“The @NMStatePolice should investigate a private party going door to door and sawing people’s guns in half without doing a background check as required for a transfer in New Mexico.  The @FBI and @ATFHQ (Bureau of Alcohol, Tobacco, Firearms and Explosives) should also look into this since a private group does NOT have the ability to check NCIC to see if they are now in possession of a stolen firearm. So many crimes committed by this anti-gun group” posted state Rep. Stefani Lord (R-Sandia Park).

In 2019, the state Legislature passed S.B. 8, which Viscoli advocated in support of on behalf of her group. The group holds ineffective gun “buybacks,” which pay people for willingly giving up to the group, which then turns the firearms into gardening tools.

New Mexico Shooting Sports Association (NMSSA) wrote to NMPVG, “Shoutout to @NMPGVnow for joining forces with the ‘rogue sheriffs’ and ‘bad-faith critics’ by refusing to comply with laws criminalizing private firearm transfers in NM,” referencing a social media post by Democrat Gov. Michelle Lujan Grisham who lambasted many of the state’s sheriffs for refusing to enforce the anti-gun law.

San Juan County Sheriff Shane Ferrari has since initiated an investigation into the activities of the group, saying, “I have reached out to ‘New Mexicans to Prevent Gun Violence’ with questions. They have referred me to Attorney General Torrez. Both the San Juan County District Attorney’s Office and the New Mexico Attorney General’s Office are reviewing my assessment.”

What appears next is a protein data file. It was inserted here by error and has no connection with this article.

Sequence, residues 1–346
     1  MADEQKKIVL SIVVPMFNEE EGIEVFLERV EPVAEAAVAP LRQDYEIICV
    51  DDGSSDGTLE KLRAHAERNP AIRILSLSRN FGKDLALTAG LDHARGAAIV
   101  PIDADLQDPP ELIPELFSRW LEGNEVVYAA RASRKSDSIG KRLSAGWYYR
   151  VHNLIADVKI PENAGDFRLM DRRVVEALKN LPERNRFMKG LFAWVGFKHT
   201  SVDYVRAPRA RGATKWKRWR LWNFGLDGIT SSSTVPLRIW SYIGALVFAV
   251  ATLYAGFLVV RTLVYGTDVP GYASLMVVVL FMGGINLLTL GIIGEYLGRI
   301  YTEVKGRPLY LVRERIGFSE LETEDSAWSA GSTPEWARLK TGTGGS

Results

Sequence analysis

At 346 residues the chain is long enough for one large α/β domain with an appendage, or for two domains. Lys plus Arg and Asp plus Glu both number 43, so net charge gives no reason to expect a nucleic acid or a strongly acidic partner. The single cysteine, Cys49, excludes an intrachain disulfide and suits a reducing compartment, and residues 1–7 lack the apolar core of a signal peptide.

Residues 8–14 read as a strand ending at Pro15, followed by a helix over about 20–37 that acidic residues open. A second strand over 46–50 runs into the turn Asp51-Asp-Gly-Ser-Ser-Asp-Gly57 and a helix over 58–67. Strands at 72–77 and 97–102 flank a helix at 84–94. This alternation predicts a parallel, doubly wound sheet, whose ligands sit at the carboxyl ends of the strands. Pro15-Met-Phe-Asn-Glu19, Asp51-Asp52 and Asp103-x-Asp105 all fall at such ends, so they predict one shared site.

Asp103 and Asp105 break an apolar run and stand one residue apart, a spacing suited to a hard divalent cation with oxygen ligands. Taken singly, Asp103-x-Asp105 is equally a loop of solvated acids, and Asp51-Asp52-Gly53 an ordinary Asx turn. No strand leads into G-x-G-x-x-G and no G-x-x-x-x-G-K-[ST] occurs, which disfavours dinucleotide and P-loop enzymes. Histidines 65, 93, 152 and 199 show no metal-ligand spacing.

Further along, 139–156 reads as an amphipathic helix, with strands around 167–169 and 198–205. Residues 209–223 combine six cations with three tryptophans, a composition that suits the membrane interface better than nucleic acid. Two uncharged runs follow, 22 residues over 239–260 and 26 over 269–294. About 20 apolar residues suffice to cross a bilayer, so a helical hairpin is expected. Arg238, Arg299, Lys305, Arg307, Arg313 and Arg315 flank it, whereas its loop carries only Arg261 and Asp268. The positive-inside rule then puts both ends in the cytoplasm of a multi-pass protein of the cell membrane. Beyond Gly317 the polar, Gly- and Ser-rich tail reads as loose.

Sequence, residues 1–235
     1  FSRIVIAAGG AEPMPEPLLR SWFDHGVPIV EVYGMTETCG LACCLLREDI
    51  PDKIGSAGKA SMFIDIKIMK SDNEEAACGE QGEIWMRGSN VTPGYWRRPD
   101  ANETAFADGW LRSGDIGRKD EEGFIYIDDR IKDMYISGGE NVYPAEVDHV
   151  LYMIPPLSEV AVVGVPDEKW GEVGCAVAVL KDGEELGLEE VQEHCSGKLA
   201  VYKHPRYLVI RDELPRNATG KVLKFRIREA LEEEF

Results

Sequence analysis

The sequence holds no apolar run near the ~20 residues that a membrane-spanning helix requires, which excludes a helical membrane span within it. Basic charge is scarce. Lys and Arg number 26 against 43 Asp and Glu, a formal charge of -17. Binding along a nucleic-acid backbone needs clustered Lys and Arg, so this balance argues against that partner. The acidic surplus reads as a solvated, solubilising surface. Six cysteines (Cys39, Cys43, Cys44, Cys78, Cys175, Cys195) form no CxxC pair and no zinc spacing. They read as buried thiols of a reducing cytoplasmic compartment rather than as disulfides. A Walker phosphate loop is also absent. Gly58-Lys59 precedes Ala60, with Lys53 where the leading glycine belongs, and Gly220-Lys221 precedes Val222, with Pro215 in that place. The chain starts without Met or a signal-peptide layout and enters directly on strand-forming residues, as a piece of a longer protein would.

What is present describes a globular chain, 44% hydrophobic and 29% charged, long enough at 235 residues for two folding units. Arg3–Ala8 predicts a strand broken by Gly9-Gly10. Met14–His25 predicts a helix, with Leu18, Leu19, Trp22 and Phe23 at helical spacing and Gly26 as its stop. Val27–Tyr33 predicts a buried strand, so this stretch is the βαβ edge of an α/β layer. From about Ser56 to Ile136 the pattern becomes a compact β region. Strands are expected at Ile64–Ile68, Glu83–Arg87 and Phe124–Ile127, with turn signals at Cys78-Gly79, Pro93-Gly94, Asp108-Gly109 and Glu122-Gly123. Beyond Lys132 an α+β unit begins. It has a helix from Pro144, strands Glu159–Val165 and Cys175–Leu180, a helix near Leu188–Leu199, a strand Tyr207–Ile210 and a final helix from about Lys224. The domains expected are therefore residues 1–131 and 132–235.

On Tuesday, NMSSA and Rep. Lord announced that NMPVG had blocked them on X following their support for the group bucking anti-gun laws.

Lord wrote, “I guess drafting a bill today in @NMPGVnow ’s honor rescinding the Universal Background check struck a nerve. Either there is an investigation into your alleged violations of New Mexico guns laws, and federal violations, or the laws are worthless and should be removed. ‘All are equal before the law, and laws should be equally enforced.’ There can’t be ‘laws for thee, but not for me.’ That’s not how this works.”

“And they blocked us,” wrote the New Mexico Shooting Sports Association.

The group also blocked a plethora of other pro-gun accounts, as they posted on X:

On Wednesday, the anti-gun group blocked state Rep. John Block (R-Alamogordo):

It is immediately unclear the status of the investigation into Viscoli and NMPGV, but as soon as more information comes in, we will bring you the latest in the saga of the anti-gun group breaking the law.

Which New Mexico city is the safest?

New Mexicans all know its largest city, Albuquerque, is the deadliest in the state, according to World Population Review, but which New Mexico city is the safest?

Small towns are often celebrated for their close-knit communities and a sense of charm and safety. A recent analysis by MoneyGeek, a personal finance site, delved into FBI crime data from the past year to identify small towns and cities with populations ranging from 30,000 to 100,000 that excel in safety. The analysis aimed to calculate the cost of crime in each area, considering impacts on victims and the justice system. Violent crimes were weighed more heavily due to their typically higher costs.

Christmas on the Pecos in Carlsbad, NM. Photo: NM Department of Tourism.

Surprisingly, many of the safest small communities were concentrated in the Northeast. Monroe Township in New Jersey claimed the top spot, boasting low property and violent crime rates. Hillsborough Township, also in New Jersey, secured the second position. Other Northeastern towns like Wallingford, Connecticut; Shrewsbury, Massachusetts; Westfield, New Jersey; Cranberry Township, Pennsylvania; and Princeton, New Jersey, all ranked in the top 10.